She’s bitter, angry and happy with the Lord. Her life had not turned out anywhere close to where she wanted. And all the while, the seed of her redemption returned with her like a cockleburst stuck to a dog. Empty, destitute. Naomi would have to wait for the Lord to reverse her fortune.
Disconnected and an outsider, ruth would have to wait on the Lord to include her in this redemption. Learning how to wait upon the Lord, his redemption, it stretches us, it stretches our faith to see beyond our own emptiness to God’s goodness, particularly when we’re not experiencing that. That question comes to us are you being stretched this day? If so, let the Book of Ruth come to your aid. For we also have to learn to see what’s not immediately obvious for what God is doing in front of us.
I appreciate Old Testament scholar Barry Webb. Speaking of Ruth He says Ruth contains no miraculous intervention by God, no inspired prophetic, interpreter or spokesperson, no events involving Israel as a whole. The story is entirely domestic and local in character. The divine workings are hidden, providential they lie beneath the surface rather than on it. In many ways, Ruth is like the book of Esther.
Now, the Lord is mentioned and talked about here, more so than Esther, to be sure. But the only active thing that God is credited with is actually at the end of the book in chapter four, where Ruth conceives and gives birth to a child. Other than that, God remains hidden behind the ordinary DayToday actions of normal life. In a few places. The history of Israel is marked by incredible direct interventions by the Lord.
Angels, mighty miracles. Think of the Exodus and other things, but they’re relatively few. Ruth helps us to see that the Lord mostly works in ordinary, mundane parts of life. And in his hands, they’re no longer ordinary mundane because he’s at work. And all this begins with an empty bread basket that sets it all in motion.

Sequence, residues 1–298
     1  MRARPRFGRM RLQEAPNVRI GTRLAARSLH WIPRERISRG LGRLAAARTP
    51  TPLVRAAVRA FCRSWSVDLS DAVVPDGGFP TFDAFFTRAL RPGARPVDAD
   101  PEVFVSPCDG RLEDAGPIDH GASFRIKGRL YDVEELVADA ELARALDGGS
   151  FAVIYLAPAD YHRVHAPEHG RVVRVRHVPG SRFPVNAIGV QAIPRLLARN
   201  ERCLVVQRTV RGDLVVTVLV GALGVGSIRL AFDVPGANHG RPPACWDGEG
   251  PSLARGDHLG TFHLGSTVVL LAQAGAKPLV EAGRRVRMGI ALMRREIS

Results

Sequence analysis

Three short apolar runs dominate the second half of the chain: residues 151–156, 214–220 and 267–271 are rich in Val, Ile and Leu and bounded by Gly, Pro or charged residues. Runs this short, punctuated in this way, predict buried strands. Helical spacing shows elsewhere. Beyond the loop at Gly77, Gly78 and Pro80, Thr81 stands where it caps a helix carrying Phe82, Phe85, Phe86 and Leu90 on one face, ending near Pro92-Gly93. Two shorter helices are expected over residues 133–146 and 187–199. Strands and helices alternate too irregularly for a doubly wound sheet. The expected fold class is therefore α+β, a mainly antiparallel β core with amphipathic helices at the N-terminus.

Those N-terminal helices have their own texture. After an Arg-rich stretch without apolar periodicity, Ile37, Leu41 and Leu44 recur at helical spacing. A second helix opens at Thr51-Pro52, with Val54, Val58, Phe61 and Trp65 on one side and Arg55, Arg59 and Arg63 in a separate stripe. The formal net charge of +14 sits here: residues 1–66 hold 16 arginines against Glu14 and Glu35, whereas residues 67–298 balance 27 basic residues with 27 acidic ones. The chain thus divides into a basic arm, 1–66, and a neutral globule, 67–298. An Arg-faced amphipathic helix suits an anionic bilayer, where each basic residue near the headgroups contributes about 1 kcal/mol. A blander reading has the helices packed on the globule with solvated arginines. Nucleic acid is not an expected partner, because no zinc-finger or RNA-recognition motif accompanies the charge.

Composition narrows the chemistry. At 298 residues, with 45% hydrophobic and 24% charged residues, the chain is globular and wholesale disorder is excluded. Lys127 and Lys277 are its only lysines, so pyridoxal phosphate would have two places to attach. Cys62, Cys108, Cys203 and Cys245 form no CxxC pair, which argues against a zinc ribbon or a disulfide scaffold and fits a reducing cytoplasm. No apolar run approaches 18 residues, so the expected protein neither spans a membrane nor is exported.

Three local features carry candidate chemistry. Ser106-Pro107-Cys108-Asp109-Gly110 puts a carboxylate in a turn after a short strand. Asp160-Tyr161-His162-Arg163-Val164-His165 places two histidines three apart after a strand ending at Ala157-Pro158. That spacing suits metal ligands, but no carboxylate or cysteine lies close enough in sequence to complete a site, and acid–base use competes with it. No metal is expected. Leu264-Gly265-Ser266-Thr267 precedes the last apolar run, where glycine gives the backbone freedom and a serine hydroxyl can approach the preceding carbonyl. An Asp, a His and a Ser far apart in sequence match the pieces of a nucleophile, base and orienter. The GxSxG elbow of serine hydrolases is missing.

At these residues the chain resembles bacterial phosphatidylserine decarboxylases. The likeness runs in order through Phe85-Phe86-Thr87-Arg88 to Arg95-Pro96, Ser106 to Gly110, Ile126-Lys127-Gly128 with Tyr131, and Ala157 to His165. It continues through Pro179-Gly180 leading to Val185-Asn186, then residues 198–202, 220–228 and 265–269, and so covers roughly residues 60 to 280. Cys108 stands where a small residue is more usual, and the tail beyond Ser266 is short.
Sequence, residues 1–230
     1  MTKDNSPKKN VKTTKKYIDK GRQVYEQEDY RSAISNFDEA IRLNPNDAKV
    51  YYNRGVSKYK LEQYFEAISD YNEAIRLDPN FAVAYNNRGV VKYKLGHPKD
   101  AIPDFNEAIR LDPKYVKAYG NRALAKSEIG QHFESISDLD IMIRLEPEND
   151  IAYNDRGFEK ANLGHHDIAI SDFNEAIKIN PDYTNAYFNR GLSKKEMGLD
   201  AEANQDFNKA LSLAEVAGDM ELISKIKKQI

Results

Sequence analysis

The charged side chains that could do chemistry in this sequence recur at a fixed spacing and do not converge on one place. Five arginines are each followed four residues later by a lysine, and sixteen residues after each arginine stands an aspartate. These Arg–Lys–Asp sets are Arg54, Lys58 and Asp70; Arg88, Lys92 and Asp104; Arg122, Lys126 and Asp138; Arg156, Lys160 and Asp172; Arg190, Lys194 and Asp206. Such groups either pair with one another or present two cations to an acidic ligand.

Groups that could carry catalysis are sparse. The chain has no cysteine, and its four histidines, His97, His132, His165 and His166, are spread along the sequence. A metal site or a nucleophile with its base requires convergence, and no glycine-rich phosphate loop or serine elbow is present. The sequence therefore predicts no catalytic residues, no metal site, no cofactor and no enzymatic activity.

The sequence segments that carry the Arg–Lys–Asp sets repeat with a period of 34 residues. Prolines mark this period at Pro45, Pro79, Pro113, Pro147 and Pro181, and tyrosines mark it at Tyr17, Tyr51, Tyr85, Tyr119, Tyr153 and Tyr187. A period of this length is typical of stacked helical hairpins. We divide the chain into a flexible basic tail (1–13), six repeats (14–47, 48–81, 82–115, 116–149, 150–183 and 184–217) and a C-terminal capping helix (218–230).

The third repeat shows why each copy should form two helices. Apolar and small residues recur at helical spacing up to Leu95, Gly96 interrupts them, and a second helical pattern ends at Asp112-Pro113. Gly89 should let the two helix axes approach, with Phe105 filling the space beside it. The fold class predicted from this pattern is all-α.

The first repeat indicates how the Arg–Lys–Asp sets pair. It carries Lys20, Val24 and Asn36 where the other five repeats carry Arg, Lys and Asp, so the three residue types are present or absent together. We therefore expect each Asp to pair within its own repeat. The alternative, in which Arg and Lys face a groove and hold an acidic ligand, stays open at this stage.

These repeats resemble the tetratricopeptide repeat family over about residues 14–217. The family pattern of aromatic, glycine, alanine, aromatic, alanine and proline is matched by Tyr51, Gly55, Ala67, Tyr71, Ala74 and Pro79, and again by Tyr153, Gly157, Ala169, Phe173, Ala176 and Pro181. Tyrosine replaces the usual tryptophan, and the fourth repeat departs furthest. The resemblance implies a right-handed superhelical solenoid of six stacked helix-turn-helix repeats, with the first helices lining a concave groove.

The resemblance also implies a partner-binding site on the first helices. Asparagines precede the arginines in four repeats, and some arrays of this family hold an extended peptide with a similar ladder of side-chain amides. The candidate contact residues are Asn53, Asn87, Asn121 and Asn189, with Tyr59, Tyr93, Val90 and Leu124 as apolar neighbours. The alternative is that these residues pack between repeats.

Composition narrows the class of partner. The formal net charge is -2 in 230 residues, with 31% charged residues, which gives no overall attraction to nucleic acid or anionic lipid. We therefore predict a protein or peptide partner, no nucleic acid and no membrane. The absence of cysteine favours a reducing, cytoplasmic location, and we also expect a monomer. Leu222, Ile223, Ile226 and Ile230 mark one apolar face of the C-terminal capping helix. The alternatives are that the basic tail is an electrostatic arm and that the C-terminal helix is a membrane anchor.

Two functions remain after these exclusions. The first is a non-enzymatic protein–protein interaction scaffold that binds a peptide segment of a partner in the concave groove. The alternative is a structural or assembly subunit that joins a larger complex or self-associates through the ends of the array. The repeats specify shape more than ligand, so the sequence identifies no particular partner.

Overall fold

We’re told by the author that there’s a famine in the land of Judah during the time of the Judges. And the city they start out from is Bethlehem. The meaning of Bethlehem and Hebrew is the house of Bread. The city of Bread is empty now, not mentioned specifically, but famine as God’s judgment upon the people. It lingers in the background.
And as we read this, remember, these are well crafted stories. They’re not simply written as a journalist telling you exactly everything that happened. We’re not given a narrator’s perspective. We read something. Is this a good thing or is this a bad thing?
I’m not really sure. There’s no direct answers given in Ruth. We are called upon them to be careful readers listening to what is said as well as what is not said. Seemingly, Alimec is no longer able to support his family. So where does he go?
To Moab. Moab is a longstanding enemy of Israel. Some 50 miles away from Bethlehem, one of God’s covenant people leaves the Promised Land to find relief in the land of their enemies. We get the impression that he’s not a great example of being a faithful Israelite. And the story gets worse.
Alimalech, whose very name means my God is King, dies in a foreign land. Now Naomi, whose name means pleasant or sweet, becomes a widow in a foreign land. And the bitter irony gets worse. Her two sons married mobiid women. If you’re from Israel, that’s a yellow check engine light flashing like they’re foreigners.
Yep. Ten years go by, no children. Both sons die. Also a little yellow light going. They have not found favor with God.
These Israelites left the emptiness of Bethlehem only to find barreness and death in Moab. And yet, for those with Gospel eyes, that terse ambiguity gives reason for hope. God drove Abraham and Isaac by famine to prosper them in the end to different lands. God drove Jacob to Egypt in the grip of famine in order to bring a deliverance which would culminate in the entire nation of Israel crossing into the Promised Land. In Scripture, the mention of baroness is almost always followed with a filling.